BP Stock – Investors Are Skeptical About European Oil Giants’ Push to Decarbonize, Analyst Says
The major European energy companies trade for a “historically wide” discount to their U.S. peers as investors take a cautious view of the Europeans’ decarbonization strategies, says Morgan Stanley analyst Martijn Rats.
The European majors,
Royal Dutch Shell
(RDS.A and RDS.B), and
(TOT), trade for half the cash-flow multiples and close to double the free-cash flow yields of the U.S. majors,
(CVX), Rats wrote on Wednesday in a note to clients.
The Europeans have a projected 12-month free cash-flow yield of 12.6%, against 7.3% for the U.S. majors.
“European majors have usually been valued at a discount, but the gap is historically wide at the moment,” Rats noted. So far this year, Chevron and Exxon stocks are up around 30% while the European energy stocks have risen an average of about 14%.
In early trading on Thursday, Chevron shares were at $101.78, down 95 cents; Exxon was at $55.60, off 40 cents; BP was at $24.75, down 21 cents, and Royal Dutch A shares were at $38.21, down 43 cents.
“European majors are embarking on ambitious strategies to decarbonize. That involves investments in a range of activities including offshore wind, solar, hydrogen, EV charging, etc.,” Rats wrote. “This drives up capex, whilst the returns on that capex are still uncertain. In contrast, U.S. oil majors are still mostly focused on their core oil and gas businesses.”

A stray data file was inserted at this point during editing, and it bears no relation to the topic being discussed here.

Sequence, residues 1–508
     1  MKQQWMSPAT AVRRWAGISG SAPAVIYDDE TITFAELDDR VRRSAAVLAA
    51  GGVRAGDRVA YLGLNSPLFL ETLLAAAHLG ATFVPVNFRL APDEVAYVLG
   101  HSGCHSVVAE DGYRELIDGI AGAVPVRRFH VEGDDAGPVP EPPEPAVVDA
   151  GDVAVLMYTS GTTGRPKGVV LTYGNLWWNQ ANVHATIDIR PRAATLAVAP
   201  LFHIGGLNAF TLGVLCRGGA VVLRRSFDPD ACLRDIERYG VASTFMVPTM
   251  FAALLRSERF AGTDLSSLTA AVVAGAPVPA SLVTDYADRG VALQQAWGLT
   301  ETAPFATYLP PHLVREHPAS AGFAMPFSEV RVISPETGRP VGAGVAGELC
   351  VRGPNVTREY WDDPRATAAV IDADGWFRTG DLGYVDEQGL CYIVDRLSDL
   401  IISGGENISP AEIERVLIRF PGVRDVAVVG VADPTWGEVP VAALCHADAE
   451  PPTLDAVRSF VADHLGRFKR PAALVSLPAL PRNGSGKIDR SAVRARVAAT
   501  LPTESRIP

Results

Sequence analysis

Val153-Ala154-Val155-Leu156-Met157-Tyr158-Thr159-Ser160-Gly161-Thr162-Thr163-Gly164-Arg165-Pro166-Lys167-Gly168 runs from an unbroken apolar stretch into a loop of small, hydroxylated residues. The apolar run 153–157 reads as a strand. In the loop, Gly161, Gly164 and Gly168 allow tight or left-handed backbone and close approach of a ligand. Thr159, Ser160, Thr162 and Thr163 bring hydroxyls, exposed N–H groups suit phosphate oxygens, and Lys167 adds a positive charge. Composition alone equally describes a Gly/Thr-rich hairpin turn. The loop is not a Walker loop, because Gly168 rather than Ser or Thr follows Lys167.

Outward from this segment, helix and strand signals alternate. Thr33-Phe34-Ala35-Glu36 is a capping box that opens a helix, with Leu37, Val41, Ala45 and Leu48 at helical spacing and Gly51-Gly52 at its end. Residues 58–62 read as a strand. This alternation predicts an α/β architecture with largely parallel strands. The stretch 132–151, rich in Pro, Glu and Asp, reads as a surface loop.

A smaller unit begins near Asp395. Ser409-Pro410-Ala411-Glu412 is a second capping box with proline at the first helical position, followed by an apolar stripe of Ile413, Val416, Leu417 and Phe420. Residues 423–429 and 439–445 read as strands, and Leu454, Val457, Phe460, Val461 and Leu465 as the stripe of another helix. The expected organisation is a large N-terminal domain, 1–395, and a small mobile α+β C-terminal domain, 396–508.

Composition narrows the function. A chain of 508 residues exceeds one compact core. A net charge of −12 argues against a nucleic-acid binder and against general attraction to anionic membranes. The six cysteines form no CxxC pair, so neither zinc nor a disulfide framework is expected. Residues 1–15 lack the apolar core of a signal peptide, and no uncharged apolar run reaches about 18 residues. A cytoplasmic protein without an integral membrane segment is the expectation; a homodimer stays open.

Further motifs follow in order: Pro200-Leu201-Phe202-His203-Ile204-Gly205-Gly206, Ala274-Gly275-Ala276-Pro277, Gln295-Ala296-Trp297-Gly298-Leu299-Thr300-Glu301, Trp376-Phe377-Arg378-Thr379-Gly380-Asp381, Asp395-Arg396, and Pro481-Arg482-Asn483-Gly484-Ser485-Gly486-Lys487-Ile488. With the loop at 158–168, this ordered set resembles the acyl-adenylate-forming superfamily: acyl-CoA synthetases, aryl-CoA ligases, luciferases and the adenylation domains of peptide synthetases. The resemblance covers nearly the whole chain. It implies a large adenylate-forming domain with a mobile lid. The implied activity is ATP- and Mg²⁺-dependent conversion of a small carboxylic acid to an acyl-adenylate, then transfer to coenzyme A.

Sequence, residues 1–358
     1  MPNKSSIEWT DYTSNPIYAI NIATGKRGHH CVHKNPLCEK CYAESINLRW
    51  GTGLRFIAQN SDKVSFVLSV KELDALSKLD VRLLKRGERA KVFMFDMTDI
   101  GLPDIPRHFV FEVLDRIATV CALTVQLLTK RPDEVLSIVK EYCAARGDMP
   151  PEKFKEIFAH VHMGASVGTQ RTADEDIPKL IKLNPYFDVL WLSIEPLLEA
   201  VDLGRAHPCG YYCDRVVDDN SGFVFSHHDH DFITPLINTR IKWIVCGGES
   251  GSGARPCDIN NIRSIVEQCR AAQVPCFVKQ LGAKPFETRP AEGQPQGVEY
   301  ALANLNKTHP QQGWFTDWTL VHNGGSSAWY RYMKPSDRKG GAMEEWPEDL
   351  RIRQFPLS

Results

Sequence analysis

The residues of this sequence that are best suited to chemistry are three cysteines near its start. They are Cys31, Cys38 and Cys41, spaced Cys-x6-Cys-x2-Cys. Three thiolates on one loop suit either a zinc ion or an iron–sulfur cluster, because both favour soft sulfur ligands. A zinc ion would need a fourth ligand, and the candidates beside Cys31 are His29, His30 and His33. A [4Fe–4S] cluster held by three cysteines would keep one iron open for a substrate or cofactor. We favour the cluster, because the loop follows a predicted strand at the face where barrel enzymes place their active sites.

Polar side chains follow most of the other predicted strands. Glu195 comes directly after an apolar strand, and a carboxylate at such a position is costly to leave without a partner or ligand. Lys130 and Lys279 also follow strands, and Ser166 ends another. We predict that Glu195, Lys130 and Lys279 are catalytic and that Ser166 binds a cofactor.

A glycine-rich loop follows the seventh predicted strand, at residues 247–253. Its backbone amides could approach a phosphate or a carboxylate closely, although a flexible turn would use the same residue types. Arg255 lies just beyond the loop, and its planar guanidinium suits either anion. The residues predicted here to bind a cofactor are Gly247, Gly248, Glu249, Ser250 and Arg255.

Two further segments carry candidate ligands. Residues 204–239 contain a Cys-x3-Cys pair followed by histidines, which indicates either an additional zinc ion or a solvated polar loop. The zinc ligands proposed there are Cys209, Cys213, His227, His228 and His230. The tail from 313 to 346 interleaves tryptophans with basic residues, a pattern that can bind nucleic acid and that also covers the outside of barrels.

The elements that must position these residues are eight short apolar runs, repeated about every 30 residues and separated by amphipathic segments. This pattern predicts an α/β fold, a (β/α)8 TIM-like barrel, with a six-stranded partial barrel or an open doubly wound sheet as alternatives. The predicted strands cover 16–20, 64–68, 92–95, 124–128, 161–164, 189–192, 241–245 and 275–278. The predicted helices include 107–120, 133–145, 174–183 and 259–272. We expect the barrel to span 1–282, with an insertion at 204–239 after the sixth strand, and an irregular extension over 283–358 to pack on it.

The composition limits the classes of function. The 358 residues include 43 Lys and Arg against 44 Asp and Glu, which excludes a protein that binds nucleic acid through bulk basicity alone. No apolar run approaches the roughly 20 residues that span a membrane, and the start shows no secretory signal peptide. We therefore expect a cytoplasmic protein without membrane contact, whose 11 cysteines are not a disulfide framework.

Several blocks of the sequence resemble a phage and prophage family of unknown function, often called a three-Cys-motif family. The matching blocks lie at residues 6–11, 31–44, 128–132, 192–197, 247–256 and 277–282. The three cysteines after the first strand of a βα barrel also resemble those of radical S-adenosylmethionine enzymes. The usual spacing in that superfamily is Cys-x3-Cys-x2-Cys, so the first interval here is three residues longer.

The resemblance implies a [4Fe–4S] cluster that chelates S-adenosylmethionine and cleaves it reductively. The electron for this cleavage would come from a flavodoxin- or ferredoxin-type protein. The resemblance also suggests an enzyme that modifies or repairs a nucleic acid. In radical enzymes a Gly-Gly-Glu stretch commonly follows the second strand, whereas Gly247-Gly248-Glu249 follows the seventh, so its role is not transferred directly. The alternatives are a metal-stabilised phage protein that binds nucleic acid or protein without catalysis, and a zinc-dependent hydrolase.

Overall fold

“From investor conversations, it is clear that the U.S. oil majors are still seen as a play on recovering oil and gas prices.” The European investment story is more complicated, he noted, involving “a multitude of end-markets, projects and business models.”
“In our experience, investors are finding it harder to access this outlook, and there is likely some discount for this added complexity,” Rats wrote.
BP is leading the transition as the company is aiming to cut its oil and gas production by 40% by 2030 as measured from a 2019 base while increasing its annual investment in renewable power and various low-carbon initiatives tenfold to $5 billion annually in 10 years.
After some dividend cuts in 2020, the European majors have much lower dividend payout ratios than their U.S. peers, which may also be contributing to their discounts. Royal Dutch’s dividend of $5 billion over the next 12 months is 20% of its projected free-cash flow, while Chevron’s $10 billion dividend is 60% of projected 12-month free-cash flow, according to Rats
Chevron now yields 5%; Exxon, 6.2%; Royal Dutch, 3.4% based on the class A shares and BP, 5.1%.
Dividends matter, Rats argues, as investors prefer the energy companies to pay out more free cash flow.
The analyst, who has an Overweight rating on Royal Dutch, says the European majors can take steps to address the discounts, including increasing dividend payout ratios or “consider partial listing of their new energies businesses, which would drive market values closer to sum-of-the-parts valuations.”
Write to Andrew Bary at [email protected]